- The Washington Times - Wednesday, October 7, 2009

America launched Operation Enduring Freedom on Oct. 7, 2001, to clean out the viper’s nest in Afghanistan from which al Qaeda had plotted the brutal Sept. 11 attack on the United States. “Clear, hold and build” was the goal.

Now, the counterinsurgency campaign - “the thinking man’s war,” Gen. David H. Petraeus calls it - beyond bricks and mortar, aims to “build trust,” essential to building stable Afghan communities impervious to terrorists’ siren call. The urgent work proceeds apace to prevent extremists from converting Afghanistan into a base for destabilizing nuclear Pakistan and plotting future attacks on the American homeland.

Simultaneously, another counterinsurgency, if you will, is under way stateside to deal with the Army’s skyrocketing suicides the past five years - 2009 is expected to exceed last year’s record 141.

The point person in this effort is Gen. Peter W. Chiarelli, vice chief of staff of the U.S. Army, who commanded the Multinational Corps Iraq under Gen. George W. Casey Jr. in 2006. He was, according to a key source, Gen. Petraeus’ “golden boy” in successfully laying the groundwork for and adapting to counterinsurgency operations, starting as commander of the 1st Cavalry Division in Iraq in 2004.

“I like to caution people from thinking there is any one cause to suicide,” he said in a recent interview. The causes are as varied as the individual soldiers, albeit the stresses of continuing combat since Sept. 11 are a factor, he has noted many times.

The challenge, Gen. Chiarelli said, is “to train soldiers to be more resilient” so that rather than being beaten down, they not only endure and excel through the rigors of war but are stronger for the experience. This, he said, is “the big idea in the United States Army.”

Ted Kennedy Jr. in his eulogy for his father beautifully encapsulated this concept, reflecting on how the late senator had helped him overcome the loss of his leg at age 12.

“You see, my father taught me,” he said, “that even our most profound losses are survivable, and … it is what we do with that loss, our ability to transform it into a positive event, that is one of my father’s greatest lessons.”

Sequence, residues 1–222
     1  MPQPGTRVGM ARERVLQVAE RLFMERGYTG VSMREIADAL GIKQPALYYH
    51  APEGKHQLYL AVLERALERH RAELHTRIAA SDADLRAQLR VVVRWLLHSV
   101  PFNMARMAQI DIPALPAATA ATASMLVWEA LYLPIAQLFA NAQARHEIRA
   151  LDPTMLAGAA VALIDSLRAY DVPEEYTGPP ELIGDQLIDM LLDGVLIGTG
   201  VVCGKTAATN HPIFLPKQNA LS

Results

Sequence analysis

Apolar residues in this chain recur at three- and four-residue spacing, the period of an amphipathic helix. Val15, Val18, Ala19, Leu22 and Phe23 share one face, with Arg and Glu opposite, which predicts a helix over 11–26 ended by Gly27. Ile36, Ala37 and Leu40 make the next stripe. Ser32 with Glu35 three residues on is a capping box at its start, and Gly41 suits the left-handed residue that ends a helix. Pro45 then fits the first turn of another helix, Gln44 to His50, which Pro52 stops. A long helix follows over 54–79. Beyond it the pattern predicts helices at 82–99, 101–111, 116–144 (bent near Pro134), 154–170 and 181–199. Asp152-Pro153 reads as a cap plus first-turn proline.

“Comprehensive soldier fitness” is how Gen. Chiarelli brands the transformation of the Army’s loss into a positive event.

It has three elements.

c First is the Army’s program of emotional resiliency training, being introduced at two bases this month and to be phased in gradually throughout the service - eventually to be available to families.

Gen. Chiarelli characterized this first-of-its-kind initiative as “huge” because it preventively tackles mental health issues affecting about 1 in 5 soldiers returning from war.

With comprehensive soldier fitness, “we’re shifting to the left,” on the “assess, educate, intervene, treat” continuum, he said - assessing “every single soldier that comes in [to] help us understand what training that individual soldier needs” to build career-long resiliency.

The Army has enlisted the University of Pennsylvania to prepare Master Resiliency Trainers - 1,500 by next summer - who will train all 1.1 million soldiers, including active-duty, Reserve and National Guard members.

c Second, the Army is “attacking the issue of stigma hard,” Gen. Chiarelli said, so that every soldier knows “it’s OK to seek assistance.”

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